June 19th 2009 - Emotional Sutures
To assist a client to heal on a deeper emotional level is pivotal to a client healing on the physical level. At least that is my belief. The more traumatic the incident the more the spiritual and emotional aspect needs to be addressed. One morning I received an intake call from a plastic surgeon to assist a client, a 24 y.o. African American female who had an exceptionally bad experience. She has been living with a mentally ill sister who she had a long history of paranoid schizophrenia. The sister and the patient didn’t get along. Her sister was often off of her meds and at one point was hallucinating very badly. She thought the patient was the devil and that God wanted her to get rid of this evil spawn. In a delusional tirade the sister ended up stabbing the patient about 18 times. The patient was taken to UCLA where she was sutured and stabilized, but she was a Kaiser member. She then had to follow up in the ED at KPWLA to receive a consultation about surgery on her thumb. UCLA stated the surgery was urgent and advised her in going to the ER. Coming into the ER is hard for anyone, because the environment tends to be an intense, chaotic, fast and sometimes impersonal. Imagine coming into the hospital with multiple stabs wounds on your face, hands and body, after just being released from another facility.
When the patient came to the ED, no one knew what was needed, her records were still at UCLA where she was treated. The plastic surgeon wanted me to assist in coordinating all of her care. Her primary MD was in Bellflower, but the surgeon was in WLA. I spoke to the patient who was surprisingly, calm and collected when she discussed her experience. One of the patient’s biggest fears was returning home to where her sister lived, the perpetrator of this violent crime. Her mother wasn’t supportive of the patient because she was both in denial and embarrassed by the assault within the family. This made the patient feel more alone and victimized. The patient was experiencing multiple system errors, her family and medical center that was not initially responding to her needs in crisis. I knew she would need emotional sutures.
First I engaged her and offered supportive listening. I assured her that I would help her get through the system. I knew any struggle to get treatment and services would feel to her like another assault. First I assisted her in relocation both for her safety and her emotional healing. She needed a safe place to sleep and heal. I connected her to Victims of Violent Crime; they would help with relocation expenses. Luckily her sister was incarcerated which bought some time. I connected with her PCP in Bellflower, who was very responsive and helped authorize treatment. I called member services about her medical records not being referred in time from UCLA to KPWLA ED and that is why the ED didn’t know what was going on. Member services, was right there to coordinate care. I helped her gain more support in her personal life. Her family life was in a shambles. The patient already had a wonderful minister who was supportive and had provided a spiritual understanding for her wounded, betrayed and deeply hurt soul. I contacted psychiatry to assist her in attending therapy, to help to work on this emotional trauma of this family violence. Every time I connected her, to a resource and received a result, I felt like I was stitching up her emotional body. Every resource was a suture, helping her to feel heard and giving her energetic empathy her family could not provide. Lessening the enormity of trying to gain services in a massive health care organization, where it is easy to feel lost, was another stitch. Then another suture, assisting the patient in feeling a personal connection to someone in the organization who was a supporter and an advocate. As a psychotherapist, I believe if the client can be emotionally taken care of and her spirit supported her bodies’ healing would surely follow. The mind body and spirit are intertwined. The patient was very strong and confident about ‘testifying‘ about her experience in church and was positive she would heal. Someone attempted to stab her to death, but she was somehow stabbed to life, finding more of a purpose and reason for her tragedy. I admired her courage and felt satisfied that I provided her, if even for only a couple of phone calls, a healing experience.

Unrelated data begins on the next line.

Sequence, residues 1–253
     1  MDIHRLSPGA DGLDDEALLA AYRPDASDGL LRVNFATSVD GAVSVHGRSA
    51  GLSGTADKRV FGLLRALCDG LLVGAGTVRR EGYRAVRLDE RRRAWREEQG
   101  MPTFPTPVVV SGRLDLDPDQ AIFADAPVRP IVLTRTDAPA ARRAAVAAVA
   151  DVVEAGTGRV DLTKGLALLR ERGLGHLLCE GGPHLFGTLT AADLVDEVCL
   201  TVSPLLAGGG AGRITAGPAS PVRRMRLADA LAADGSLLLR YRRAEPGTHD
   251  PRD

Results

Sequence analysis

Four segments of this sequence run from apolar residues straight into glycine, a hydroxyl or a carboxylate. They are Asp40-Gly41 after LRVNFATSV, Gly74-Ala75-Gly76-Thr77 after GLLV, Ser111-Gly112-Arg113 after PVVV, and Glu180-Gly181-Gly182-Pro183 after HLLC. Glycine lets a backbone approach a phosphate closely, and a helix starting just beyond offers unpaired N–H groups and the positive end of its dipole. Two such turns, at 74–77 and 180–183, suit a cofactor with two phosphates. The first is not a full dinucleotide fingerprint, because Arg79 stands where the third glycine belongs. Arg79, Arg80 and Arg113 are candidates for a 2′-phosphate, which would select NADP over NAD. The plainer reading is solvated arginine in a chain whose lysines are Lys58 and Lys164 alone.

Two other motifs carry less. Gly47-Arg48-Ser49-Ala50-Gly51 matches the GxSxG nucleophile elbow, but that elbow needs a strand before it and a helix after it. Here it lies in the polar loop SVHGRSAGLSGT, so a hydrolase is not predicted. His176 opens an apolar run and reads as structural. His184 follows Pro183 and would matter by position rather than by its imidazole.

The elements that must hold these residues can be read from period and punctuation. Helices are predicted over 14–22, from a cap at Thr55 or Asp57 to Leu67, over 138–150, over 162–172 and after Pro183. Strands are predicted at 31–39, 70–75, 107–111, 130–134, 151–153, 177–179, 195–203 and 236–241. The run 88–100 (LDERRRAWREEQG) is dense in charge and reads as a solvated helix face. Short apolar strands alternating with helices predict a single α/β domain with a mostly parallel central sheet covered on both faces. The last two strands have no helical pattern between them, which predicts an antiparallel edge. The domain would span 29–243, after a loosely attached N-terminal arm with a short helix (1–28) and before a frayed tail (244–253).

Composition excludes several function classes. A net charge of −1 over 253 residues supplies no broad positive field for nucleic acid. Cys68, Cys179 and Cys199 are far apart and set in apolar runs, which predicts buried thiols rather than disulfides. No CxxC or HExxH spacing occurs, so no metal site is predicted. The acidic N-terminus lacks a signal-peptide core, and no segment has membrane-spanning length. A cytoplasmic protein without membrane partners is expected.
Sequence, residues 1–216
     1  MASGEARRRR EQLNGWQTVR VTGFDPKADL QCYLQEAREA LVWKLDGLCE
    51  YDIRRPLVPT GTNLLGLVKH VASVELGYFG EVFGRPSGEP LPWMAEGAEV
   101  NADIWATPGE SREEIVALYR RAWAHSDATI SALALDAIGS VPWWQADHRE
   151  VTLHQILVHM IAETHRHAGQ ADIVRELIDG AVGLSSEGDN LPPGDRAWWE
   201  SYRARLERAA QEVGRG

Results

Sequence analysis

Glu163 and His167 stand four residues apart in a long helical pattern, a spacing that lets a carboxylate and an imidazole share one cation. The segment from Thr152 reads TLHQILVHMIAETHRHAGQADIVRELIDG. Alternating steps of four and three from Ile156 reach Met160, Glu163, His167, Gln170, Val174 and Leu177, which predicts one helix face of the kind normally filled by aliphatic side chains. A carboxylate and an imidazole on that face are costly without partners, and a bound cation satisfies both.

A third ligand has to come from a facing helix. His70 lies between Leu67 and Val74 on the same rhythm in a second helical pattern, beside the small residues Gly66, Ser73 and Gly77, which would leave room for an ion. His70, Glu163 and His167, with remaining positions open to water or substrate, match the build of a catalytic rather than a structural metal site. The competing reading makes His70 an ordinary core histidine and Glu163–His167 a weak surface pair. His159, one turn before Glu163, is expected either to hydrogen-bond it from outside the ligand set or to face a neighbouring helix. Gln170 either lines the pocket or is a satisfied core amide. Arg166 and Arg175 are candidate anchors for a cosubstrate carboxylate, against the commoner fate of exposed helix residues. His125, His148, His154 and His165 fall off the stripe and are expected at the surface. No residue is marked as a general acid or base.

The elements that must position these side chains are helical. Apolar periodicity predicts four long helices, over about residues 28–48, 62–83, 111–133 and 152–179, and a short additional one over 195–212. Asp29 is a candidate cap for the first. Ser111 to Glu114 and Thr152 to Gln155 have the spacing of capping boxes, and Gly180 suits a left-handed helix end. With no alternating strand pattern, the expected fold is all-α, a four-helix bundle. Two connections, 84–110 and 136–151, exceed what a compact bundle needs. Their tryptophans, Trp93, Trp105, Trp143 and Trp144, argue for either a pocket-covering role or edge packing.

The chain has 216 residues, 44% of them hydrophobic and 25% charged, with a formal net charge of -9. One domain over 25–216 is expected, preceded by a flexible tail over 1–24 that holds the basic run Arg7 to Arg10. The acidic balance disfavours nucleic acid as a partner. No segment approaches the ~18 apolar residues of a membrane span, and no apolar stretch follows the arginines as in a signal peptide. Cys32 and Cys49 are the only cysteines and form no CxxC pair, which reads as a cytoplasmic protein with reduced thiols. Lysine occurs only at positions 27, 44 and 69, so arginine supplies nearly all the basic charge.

Update – I called the patient to see how she was doing and ask her permission to tell her story with out identifying names. She agreed to the story and ironically, the last time I spoke with her was August 28, 2007. It is August 29, 2008, almost exactly a year to date since I last made contact. Synchronicities always mean something. She was thrilled to hear about her story being told and is planning to go to law school to practice family law. She has moved out of state and has restarted her life. I wasn’t sure how I impacted her, but she said that she remembered me because she ‘still had my voicemail message on her cell phone and had it for a year because she wanted to follow up with me.’ I was stunned, that she would save my message for so long but I guess my voice was a healing balm, a positive memory during a nightmare. My intention was to provide her with support and empathy in one of the worse traumas probably of her life. She validated the services I provided was an emotional suture and she still had not removed that one last stitch.
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